Broken incandescent light bulbs offer no health risks other than possible cuts from broken glass. Any light bulb containing mercury, however, requires special care if broken and this includes fluorescent tubes and compact fluorescent bulbs (CFLs). Over time mercury can accumulate in the human body and cause an array of negative health effects. Although there is no reason to panic when a fluorescent is broken, it is wise to limit your exposure to the mercury it contains by following the Environmental Protection Agency's guidelines for broken compact fluorescent bulbs.
Safe Exposure Levels
Federal guidelines only address maximum levels of chronic mercury exposure, and there is no clear consensus on the effects of short-term, low-level exposure, such as when a compact fluorescent bulb is broken. Most of what is known about the negative effects of mercury exposure is based on information from cases involving chronic low level exposure, or single high dose exposures.
Mercury in Fluorescents
Compact fluorescents have the lowest mercury levels in the fluorescent family, containing on average 4.5 mg. The long tubes typically used in offices and commercial spaces contain more, depending on the size. When a bulb is broken, some of its mercury is released into the air and you can greatly reduce your exposure by airing out the room and then cleaning up the broken fluorescent right away.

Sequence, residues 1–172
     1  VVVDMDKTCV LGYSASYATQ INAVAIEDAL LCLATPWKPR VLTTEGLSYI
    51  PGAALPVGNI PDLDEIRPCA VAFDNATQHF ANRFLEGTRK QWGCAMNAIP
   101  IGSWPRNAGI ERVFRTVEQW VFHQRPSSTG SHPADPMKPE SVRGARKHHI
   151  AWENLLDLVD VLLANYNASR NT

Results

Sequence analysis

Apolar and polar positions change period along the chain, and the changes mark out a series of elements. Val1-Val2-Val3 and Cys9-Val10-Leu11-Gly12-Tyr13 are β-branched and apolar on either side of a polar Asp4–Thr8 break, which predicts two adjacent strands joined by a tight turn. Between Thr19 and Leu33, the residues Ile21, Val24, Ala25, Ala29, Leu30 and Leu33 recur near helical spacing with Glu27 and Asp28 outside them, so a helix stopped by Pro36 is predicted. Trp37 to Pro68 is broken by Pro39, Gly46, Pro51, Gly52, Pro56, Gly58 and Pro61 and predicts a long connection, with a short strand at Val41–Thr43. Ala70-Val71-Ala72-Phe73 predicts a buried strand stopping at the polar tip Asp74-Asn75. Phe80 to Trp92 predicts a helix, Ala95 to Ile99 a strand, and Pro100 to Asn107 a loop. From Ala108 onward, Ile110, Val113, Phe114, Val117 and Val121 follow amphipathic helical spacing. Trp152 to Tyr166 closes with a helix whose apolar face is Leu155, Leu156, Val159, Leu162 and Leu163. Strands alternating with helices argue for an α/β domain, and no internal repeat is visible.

Mercury Levels Changing
Mercury is a key component of fluorescent technology, but manufacturers have continued to develop bulbs that contain increasingly less mercury and these lower mercury products are typically what is sold today. Newer energy efficient light bulbs such as LED are entirely mercury free and are worth considering, although the technology is still problematic and costly.
Avoiding Broken CFLs
Compact fluorescents are manufactured with a stronger glass than a traditional light bulb, making them more resistant to breakage, and generally safe for household use. Additionally in some products the spiral tube is hidden behind a second glass envelope, creating the appearance of a traditional light bulb while helping to protect against damage. In households with active children, avoid using compact fluorescent bulbs in table lamps or other locations where they can be knocked over.
Why Use CFLs?
Although in the future other technologies such as LED might make fluorescents obsolete, the cost of such lamps is still very high and compact fluorescent bulbs are the most realistic choice for the average consumer. Environmental agencies such as the EPA continue to advocate for the use of compact fluorescent bulbs while recommending specific measures for cleaning up and recycling broken bulbs.
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- Energy Star, Fact Sheet: CFLs and Mercury
- USEPA, What to Do if a Fluorescent or Other Mercury-Containing Light Bulb Breaks
- NY Department of Health, Understanding Mercury Exposure Levels
- Maine DEP, Maine Compact Fluorescent Lamp Breakage Study Report
- PubMed, Release of mercury from broken fluorescent bulbs